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Sunday, May 20, 2012

SPEAKING MY HEART : Some Words for the Wise | Weather Underground

I'm an advocate for using plain language -- clear, concise writing -- to help ensure that readers understand, without too much distraction or confusion, what the writer is trying to say. After all, if a reader doesn't "get it" or gives up trying to get it because the writing is too difficult or dense, the writer has not accomplished much, at least for that reader.

Plain language writing has various principles, including the use of common, familiar words that readers will quickly comprehend. Use of plain language isn't meant to insult a reader's intelligence by "talking down" the reader. Instead, it's meant to use vocabulary that the targeted readers are likely to understand in their work, hobby, special interest and so on.

Plain language advocates recognize that people do understand many words outside their particular interests even though they may not use those words often in their writing and speech. Still, it's important in achieving clear, concise writing to ensure that readers will understand most words in a particular document with as little difficulty as possible.

But, about the article at this link ...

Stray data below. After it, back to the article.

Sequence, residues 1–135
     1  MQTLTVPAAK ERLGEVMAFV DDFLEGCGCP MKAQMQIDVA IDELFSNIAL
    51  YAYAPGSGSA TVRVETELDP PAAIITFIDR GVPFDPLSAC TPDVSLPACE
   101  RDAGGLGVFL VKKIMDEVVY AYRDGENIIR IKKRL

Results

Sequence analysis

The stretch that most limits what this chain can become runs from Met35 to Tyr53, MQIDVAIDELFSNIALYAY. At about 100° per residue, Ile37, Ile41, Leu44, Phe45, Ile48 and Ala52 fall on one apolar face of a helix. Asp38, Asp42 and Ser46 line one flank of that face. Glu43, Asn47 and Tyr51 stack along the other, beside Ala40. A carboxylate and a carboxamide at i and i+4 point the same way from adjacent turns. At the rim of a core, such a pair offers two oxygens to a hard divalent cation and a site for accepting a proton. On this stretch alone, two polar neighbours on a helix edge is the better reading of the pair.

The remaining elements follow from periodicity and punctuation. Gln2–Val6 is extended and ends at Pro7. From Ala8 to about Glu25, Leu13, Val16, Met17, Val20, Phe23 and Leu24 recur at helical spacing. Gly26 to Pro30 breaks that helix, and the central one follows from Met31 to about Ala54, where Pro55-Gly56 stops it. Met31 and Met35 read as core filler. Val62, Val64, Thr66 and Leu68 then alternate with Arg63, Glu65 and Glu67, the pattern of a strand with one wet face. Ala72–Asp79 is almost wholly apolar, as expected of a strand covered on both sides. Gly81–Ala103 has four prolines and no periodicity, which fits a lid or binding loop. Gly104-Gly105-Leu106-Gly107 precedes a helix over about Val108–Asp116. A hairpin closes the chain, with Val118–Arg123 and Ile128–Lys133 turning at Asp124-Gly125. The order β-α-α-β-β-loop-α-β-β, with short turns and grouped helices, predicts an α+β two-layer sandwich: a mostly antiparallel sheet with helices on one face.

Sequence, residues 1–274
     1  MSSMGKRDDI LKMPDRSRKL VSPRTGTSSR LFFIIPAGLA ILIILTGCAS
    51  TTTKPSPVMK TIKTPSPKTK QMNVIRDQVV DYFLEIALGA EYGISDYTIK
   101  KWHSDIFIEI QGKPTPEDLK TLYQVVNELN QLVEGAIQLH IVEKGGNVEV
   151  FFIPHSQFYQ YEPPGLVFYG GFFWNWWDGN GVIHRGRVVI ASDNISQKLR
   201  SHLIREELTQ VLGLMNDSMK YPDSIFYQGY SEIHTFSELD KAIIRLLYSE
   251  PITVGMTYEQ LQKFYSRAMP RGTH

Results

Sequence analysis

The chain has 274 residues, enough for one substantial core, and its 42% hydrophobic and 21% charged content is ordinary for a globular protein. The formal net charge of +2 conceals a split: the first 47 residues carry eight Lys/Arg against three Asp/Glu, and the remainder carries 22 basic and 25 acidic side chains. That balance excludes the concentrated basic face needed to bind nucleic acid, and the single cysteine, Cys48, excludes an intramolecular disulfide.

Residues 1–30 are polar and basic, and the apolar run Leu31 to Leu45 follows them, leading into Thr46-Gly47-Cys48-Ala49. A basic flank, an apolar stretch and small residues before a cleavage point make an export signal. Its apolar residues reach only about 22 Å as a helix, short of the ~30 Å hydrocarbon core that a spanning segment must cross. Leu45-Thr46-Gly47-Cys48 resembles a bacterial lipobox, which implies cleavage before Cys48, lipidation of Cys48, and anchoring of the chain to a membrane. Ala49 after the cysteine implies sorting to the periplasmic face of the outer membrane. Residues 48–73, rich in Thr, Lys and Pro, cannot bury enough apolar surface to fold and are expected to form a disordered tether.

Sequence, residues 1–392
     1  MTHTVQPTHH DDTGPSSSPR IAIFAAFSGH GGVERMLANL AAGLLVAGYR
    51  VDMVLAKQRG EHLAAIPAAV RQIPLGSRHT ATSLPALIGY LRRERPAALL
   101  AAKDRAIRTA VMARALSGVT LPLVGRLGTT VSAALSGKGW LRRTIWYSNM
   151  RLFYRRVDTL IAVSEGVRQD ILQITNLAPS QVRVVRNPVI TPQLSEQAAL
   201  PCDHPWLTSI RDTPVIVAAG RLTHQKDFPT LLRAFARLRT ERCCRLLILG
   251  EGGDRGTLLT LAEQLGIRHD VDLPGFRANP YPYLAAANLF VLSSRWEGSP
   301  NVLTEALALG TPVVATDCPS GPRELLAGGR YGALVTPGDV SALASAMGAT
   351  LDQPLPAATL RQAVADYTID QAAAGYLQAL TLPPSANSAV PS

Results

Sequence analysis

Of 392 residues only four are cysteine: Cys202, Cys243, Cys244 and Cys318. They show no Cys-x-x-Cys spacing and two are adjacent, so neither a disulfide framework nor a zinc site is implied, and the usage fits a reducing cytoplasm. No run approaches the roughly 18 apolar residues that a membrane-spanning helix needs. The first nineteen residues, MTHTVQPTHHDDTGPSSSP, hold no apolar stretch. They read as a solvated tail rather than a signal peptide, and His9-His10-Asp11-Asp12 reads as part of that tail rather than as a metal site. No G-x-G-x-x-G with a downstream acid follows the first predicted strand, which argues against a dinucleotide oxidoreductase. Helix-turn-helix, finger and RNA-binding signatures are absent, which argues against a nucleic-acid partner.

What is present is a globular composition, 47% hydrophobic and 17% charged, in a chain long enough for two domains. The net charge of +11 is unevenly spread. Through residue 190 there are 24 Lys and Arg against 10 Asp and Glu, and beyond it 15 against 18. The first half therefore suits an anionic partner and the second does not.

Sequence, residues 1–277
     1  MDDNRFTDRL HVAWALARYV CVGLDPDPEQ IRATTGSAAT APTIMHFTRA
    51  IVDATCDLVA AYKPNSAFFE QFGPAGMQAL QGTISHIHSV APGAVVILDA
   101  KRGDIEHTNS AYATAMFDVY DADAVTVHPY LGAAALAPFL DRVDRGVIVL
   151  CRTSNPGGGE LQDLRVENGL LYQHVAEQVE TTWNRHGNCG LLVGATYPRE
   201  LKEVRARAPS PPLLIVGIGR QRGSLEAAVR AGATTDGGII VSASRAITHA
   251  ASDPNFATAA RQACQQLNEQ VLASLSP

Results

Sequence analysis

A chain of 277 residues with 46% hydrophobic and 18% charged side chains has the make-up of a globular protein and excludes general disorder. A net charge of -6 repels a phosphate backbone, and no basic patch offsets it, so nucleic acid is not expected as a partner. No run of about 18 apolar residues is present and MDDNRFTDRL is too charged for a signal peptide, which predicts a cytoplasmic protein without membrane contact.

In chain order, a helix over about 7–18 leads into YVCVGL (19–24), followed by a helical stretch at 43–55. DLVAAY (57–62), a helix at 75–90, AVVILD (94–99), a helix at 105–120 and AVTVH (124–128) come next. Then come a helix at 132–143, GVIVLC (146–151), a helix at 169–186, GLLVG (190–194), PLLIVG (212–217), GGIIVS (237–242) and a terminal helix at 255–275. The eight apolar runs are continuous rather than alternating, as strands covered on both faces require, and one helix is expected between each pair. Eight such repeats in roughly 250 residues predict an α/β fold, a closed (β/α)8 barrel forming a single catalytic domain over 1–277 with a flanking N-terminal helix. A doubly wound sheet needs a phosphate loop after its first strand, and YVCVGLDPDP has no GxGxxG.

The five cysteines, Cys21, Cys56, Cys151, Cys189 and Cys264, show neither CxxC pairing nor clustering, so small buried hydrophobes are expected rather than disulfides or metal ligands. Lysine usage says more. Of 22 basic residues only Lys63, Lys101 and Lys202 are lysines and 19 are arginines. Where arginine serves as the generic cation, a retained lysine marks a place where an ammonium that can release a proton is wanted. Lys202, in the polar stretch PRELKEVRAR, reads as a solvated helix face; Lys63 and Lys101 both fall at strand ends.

I write all the above as a prelude to this article, which acknowledges the beauty of English -- and the wonderfully precise words that many of us don't use everyday. Many of these words have actually dropped by the wayside, become nearly archaic, because of their lack of use.

Recognizing that certain words have become outdated for good reason, I think it's wise to consider using words that have precise meanings that no other word can express. Of course, the writer has a responsibility to his or her reader to define the word in some way -- to make clear its meaning. That can be done in various ways from actually giving a definition to using the word in such a context that its meaning -- its precise meaning -- is clear.

This article concludes (emphasis added):
It’s become a commonplace to describe language as a tool. Like hammers, chainsaws and levers, word-tools certainly do help us accomplish the routine, utilitarian tasks of life. But if language helps us hammer home a point or cut through a tangled argument, it also can serve as a palette of nuance, a chisel for carving meaning from blocked understanding, a rosined bow to draw across a taut and tuned reality. We learn language, use language and love language not only because we want to “do”, but even more because we want to “be”, and it is language that calls us into being.
In a world marked by linguistic reductionism - the acronyms of Twitter and text, the determined dumbing-down of school requirements, the twisting of language by politicians and the willingness of publishers to market to the lowest common denominator – it’s worth remembering that our forebears were men and women who opened frontiers and built a country with books as well as with wagons and plows. Perhaps the time has come to reclaim that heritage: to read, write and speak freely, to revel in the richness of language and rebel against those who would diminish and distort its power in our lives.
Perhaps the time has come to free some words, in the service of our world.
If you're interested in learning more about plain language, check out these sites:
Garbl's Plain English Writing Guide
Garbl's Plain Language Resources.

And if you're interested in more articles about words, check out Garbl's Word Links.

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